I did not have the sense of a clearly marked path that one had to follow though I may have missed more subtle cues. I’ve been in some exhibitions where they had a roped off path throughout which was lacking here: that was good in that one could wander but it also meant that there was a lot of eddying around in the room. The exhibit has been up for over a month, but we were there on a Saturday and it was pretty solidly crowded, crowded enough that my housemate lost track of me and could not find me inside and left thinking I was outside.
The information cards on each case/grouping was good, including both background information on the items in the group and bibliographic credit when items were from another collection (like Marquette). The cards included appropriate Tolkien quotes for each topic and, especially in the case of the paintings and drawings, some evaluative commentary. I didn’t see any indication that there was an audio tour available.
I’ve arranged the sections below not in the way I wandered through the exhibit but from a basic chronological sense though given Tolkien’s recursive approach to writing there is no linear chronology of his process, i.e. he began working on the languages before/during World War I (see John Garth’s Tolkien and the Great War and was working on and off on his Silmarillion (the huge body of work that came to include The Hobbit and The Lord of the Rings and from which Christopher ‘edited’ the 1977 Silmarillion) throughout his life, with the earlier material in what look like school notebooks.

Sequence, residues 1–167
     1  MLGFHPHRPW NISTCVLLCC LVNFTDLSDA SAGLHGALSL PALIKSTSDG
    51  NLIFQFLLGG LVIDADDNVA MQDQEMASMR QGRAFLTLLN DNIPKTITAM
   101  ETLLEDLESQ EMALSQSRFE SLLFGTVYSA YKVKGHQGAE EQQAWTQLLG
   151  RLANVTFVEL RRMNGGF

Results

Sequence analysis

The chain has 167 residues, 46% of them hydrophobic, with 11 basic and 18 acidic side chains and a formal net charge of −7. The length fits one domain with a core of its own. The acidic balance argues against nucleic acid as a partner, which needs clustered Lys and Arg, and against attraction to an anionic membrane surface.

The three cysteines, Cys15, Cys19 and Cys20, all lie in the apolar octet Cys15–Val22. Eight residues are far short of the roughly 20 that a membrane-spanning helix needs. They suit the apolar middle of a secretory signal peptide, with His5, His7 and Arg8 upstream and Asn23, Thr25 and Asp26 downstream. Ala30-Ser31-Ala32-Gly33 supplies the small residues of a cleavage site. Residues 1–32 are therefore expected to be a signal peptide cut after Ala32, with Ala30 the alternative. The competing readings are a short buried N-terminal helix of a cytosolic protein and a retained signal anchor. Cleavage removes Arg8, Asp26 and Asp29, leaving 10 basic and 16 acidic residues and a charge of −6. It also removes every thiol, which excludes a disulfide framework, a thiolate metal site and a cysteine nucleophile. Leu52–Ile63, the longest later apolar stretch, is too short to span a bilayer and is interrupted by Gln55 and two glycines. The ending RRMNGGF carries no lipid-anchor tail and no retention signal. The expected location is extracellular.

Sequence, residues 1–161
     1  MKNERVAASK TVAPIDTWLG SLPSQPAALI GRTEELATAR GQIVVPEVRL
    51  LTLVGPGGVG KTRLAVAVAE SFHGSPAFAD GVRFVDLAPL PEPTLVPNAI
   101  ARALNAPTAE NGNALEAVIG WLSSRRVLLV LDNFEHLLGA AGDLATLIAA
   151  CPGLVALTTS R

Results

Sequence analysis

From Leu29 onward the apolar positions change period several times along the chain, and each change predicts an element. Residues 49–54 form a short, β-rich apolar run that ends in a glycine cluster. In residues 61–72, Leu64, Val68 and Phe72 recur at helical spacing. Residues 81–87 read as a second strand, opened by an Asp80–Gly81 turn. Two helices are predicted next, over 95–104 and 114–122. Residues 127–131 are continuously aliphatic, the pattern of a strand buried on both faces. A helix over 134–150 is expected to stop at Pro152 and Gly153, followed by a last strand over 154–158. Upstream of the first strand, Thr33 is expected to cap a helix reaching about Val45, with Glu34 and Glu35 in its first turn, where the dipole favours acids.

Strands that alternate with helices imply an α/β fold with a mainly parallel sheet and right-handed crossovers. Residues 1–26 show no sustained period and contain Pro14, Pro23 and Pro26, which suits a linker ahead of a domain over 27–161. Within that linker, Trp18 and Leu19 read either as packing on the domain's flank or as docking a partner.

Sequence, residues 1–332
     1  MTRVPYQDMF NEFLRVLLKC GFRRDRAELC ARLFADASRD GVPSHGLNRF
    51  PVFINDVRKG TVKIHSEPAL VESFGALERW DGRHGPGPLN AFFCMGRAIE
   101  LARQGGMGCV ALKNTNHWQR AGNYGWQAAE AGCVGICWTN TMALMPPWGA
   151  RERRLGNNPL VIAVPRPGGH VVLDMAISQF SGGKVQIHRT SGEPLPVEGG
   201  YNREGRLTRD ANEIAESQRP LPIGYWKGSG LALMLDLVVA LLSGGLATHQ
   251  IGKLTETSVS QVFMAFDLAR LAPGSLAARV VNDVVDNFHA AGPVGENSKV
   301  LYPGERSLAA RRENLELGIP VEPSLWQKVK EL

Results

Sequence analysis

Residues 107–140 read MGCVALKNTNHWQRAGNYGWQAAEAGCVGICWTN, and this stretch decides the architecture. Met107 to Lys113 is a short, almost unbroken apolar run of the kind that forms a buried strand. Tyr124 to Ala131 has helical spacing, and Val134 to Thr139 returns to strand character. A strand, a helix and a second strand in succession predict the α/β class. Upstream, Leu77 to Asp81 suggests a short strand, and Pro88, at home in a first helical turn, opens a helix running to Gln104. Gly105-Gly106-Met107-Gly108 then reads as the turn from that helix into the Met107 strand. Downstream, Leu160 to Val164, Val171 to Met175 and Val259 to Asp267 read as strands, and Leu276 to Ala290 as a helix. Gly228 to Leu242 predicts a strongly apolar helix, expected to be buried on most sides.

The first thing inside the door is a large framed version of Pauline Baynes’ poster map of Bilbo’s journey which includes inset images: I’m glad they included Baynes’ work since her art was on the earliest editions of Tolkien’s work.
The notes follow the jump.
A number of small black and white family pictures: Mabel Tolkien, JRRT and his brother Hilary as children, Sarehole Mill.
A letter he wrote with his mother when he was three to his father who was in South Africa while the others went back to England for a visit. His father died before the letter got there (or perhaps was sent?).
A pen and ink line drawing JRRT made of himself and his uncle for his mother when she was in the hospital.
A pen and ink line drawing of himself and his uncle JRRT made for his mother who was in the hospital. It’s more of a comic than attempt at realistic image, and the two figures are in chairs in front of the fireplace, seeming very hobbit-like to me.
A small watercolor painting, dated 1904, in what looks like a 3×5 (if that) notebook. The painting is of a tree in the right foreground, surrounded by grass, with water and hills beyond, and a sky with golden light: there are a number of his drawings and paintings of trees throughout the exhibit (MY FAVORITES!), and this very good piece reminded me immediately of the description of Frodo’s perception of Lothlórien (green, blue and gold).
Pictures: JRRT, Edith Bratt
Letter to Edith from Oxford about what he was doing. My favorite part is his story of taking his robe to register and take the oath at Bodleian. He said he was treated well though some are treated badly!
A report card from the Sub rector at Exeter after his first year. Warning about his laziness.
Copy of his Army Field Manual
The early drafts of The Book of Lost Tales in what look like school composition books, with his titles inked on them.
The map of the world as a ship.
Two pages of Edith’s handwritten copy of a part of “Tale of Turin” – her writing is legible!
The informational sign focuses on his language creation (over seventy years).